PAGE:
Story Source:

The above story is based on materials provided by Loyola University Health System. Note: Materials may be edited for content and length.


Journal Reference:

  1. J. A. Mosenson, A. Zloza, J. D. Nieland, E. Garrett-Mayer, J. M. Eby, E. J. Huelsmann, P. Kumar, C. J. Denman, A. T. Lacek, F. J. Kohlhapp, A. Alamiri, T. Hughes, S. D. Bines, H. L. Kaufman, A. Overbeck, S. Mehrotra, C. Hernandez, M. I. Nishimura, J. A. Guevara-Patino, I. C. Le Poole. Mutant HSP70 Reverses Autoimmune Depigmentation in Vitiligo. Science Translational Medicine, 2013; 5 (174): 174ra28 DOI: 10.1126/scitranslmed.3005127

Cite This Page:

Loyola University Health System. "Modified protein could become first effective treatment for vitiligo skin disorder." ScienceDaily. ScienceDaily, 27 February 2013. <www.sciencedaily.com/releases/2013/02/130227150908.htm>.
Loyola University Health System. (2013, February 27). Modified protein could become first effective treatment for vitiligo skin disorder. ScienceDaily. Retrieved October 1, 2014 from www.sciencedaily.com/releases/2013/02/130227150908.htm
Loyola University Health System. "Modified protein could become first effective treatment for vitiligo skin disorder." ScienceDaily. www.sciencedaily.com/releases/2013/02/130227150908.htm (accessed October 1, 2014).

Share This



More Health & Medicine News

Wednesday, October 1, 2014

Featured Research

from universities, journals, and other organizations


Featured Videos

from AP, Reuters, AFP, and other news services

Ebola Cases Keep Coming for Monrovia's Island Hospital

Ebola Cases Keep Coming for Monrovia's Island Hospital

AFP (Oct. 1, 2014) — A look inside Monrovia's Island Hospital, a key treatment centre in the fight against Ebola in Liberia's capital city. Duration: 00:34 Video provided by AFP
Powered by NewsLook.com
Ebola Puts Stress on Liberian Health Workers

Ebola Puts Stress on Liberian Health Workers

AP (Oct. 1, 2014) — The Ebola outbreak is putting stress on first responders in Liberia. Ambulance drivers say they are struggling with chronic shortages of safety equipment and patients who don't want to go to the hospital. (Oct. 1) Video provided by AP
Powered by NewsLook.com
Doctors Reassure Public Ebola Patient Won't Cause Outbreak

Doctors Reassure Public Ebola Patient Won't Cause Outbreak

Newsy (Sep. 30, 2014) — After the announcement that the first U.S. patient had been diagnosed with Ebola, doctors were quick to say a U.S. outbreak is highly unlikely. Video provided by Newsy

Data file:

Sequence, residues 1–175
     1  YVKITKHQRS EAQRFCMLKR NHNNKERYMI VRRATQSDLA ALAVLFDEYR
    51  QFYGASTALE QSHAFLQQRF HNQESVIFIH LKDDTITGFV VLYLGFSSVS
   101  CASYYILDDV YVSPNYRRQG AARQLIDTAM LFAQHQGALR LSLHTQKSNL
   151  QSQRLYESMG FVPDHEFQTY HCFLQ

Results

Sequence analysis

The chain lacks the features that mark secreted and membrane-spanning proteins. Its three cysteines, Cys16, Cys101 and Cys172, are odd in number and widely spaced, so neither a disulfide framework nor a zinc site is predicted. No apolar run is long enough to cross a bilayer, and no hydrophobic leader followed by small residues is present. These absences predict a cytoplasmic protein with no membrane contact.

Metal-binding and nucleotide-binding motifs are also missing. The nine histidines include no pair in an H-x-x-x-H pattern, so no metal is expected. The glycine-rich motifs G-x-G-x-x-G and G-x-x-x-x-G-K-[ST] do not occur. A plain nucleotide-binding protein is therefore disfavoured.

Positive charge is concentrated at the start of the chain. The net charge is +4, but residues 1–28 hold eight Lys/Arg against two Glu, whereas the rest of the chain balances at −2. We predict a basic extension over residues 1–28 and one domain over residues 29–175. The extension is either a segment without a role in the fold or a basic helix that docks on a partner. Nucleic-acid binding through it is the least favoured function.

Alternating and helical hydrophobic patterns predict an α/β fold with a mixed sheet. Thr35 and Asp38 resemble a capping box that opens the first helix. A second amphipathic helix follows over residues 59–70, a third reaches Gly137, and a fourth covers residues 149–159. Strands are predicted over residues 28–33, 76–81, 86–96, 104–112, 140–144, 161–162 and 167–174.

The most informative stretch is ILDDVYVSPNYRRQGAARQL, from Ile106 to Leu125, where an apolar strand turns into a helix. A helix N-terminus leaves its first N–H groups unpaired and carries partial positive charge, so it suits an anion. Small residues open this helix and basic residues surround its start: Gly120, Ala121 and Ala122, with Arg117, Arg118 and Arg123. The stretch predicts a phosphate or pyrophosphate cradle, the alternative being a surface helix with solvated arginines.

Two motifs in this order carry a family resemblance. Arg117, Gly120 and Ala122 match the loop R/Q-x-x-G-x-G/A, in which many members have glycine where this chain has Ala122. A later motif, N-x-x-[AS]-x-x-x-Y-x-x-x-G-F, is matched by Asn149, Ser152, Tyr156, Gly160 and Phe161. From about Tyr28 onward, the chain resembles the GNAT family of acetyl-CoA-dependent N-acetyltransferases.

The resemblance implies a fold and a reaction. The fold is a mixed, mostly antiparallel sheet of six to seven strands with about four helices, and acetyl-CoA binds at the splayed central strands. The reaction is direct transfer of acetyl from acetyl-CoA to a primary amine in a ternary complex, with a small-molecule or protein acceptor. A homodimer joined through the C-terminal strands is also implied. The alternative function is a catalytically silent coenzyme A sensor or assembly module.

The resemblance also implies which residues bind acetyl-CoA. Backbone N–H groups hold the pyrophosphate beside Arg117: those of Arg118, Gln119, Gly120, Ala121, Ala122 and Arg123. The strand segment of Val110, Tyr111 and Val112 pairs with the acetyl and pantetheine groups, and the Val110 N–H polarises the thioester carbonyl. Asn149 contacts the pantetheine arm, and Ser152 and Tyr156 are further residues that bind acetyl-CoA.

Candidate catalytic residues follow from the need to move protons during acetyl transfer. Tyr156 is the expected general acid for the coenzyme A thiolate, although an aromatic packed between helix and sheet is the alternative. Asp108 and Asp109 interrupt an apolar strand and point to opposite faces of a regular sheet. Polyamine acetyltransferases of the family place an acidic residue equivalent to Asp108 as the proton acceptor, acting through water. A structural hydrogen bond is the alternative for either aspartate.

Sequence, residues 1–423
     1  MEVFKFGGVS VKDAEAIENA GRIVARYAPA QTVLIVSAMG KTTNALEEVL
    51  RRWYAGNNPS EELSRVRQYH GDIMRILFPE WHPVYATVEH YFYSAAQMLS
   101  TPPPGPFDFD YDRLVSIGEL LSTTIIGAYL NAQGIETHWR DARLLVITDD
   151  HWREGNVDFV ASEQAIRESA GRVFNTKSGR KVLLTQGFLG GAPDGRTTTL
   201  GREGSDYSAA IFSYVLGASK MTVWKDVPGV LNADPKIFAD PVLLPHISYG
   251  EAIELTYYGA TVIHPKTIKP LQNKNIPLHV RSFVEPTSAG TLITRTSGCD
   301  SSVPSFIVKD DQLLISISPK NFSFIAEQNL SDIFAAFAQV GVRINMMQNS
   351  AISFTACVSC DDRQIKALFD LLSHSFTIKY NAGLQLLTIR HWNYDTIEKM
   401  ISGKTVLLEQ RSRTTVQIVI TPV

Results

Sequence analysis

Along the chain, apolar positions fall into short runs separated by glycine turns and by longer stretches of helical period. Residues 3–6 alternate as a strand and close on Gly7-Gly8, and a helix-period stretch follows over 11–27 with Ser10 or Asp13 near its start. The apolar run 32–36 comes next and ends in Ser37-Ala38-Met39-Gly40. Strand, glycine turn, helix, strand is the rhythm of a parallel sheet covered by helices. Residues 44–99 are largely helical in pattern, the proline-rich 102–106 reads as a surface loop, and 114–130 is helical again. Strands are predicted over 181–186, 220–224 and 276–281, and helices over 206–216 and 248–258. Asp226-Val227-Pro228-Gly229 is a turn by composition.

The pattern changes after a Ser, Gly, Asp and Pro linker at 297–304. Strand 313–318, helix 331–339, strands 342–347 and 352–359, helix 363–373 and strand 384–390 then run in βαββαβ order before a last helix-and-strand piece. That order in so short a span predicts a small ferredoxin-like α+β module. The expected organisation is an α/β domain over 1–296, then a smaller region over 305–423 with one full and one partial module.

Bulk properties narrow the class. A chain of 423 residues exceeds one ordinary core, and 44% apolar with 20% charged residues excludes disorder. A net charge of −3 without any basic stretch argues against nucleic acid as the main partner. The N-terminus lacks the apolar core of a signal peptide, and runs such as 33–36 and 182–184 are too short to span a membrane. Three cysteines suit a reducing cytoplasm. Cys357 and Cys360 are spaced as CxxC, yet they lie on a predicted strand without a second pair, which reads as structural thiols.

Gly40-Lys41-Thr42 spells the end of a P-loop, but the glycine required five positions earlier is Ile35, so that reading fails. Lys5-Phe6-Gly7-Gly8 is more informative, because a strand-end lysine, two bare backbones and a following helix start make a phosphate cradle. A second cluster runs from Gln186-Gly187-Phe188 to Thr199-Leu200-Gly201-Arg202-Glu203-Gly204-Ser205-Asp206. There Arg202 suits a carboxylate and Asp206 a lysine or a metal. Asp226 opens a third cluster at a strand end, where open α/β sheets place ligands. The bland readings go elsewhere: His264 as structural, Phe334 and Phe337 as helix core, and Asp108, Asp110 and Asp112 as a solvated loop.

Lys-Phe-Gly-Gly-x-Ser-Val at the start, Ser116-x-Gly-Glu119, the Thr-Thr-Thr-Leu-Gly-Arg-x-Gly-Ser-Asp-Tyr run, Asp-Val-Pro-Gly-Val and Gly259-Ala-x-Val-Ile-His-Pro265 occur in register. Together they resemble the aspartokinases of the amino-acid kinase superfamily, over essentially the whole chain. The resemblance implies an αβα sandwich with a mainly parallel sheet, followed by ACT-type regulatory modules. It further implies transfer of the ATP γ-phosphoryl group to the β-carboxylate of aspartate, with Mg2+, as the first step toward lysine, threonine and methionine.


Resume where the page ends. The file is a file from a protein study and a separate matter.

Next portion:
Powered by NewsLook.com
TX Hospital Confirms Patient Admitted With Ebola

TX Hospital Confirms Patient Admitted With Ebola

AP (Sep. 30, 2014) — Medical officials from Texas Health Presbyterian Hospital confirm they are treating a patient with the Ebola virus, the first case found in the US. (Sept. 30 Video provided by AP
Powered by NewsLook.com

Search ScienceDaily

Number of stories in archives: 140,361

Find with keyword(s):
 
Enter a keyword or phrase to search ScienceDaily for related topics and research stories.

Save/Print:
Share:  

Breaking News:

Strange & Offbeat Stories

 

Health & Medicine

Mind & Brain

Living & Well

In Other News

... from NewsDaily.com

Science News

Health News

Environment News

Technology News



Save/Print:
Share:  

Free Subscriptions


Get the latest science news with ScienceDaily's free email newsletters, updated daily and weekly. Or view hourly updated newsfeeds in your RSS reader:

Get Social & Mobile


Keep up to date with the latest news from ScienceDaily via social networks and mobile apps:

Have Feedback?


Tell us what you think of ScienceDaily -- we welcome both positive and negative comments. Have any problems using the site? Questions?
Mobile iPhone Android Web
Follow Facebook Twitter Google+
Subscribe RSS Feeds Email Newsletters
Latest Headlines Health & Medicine Mind & Brain Space & Time Matter & Energy Computers & Math Plants & Animals Earth & Climate Fossils & Ruins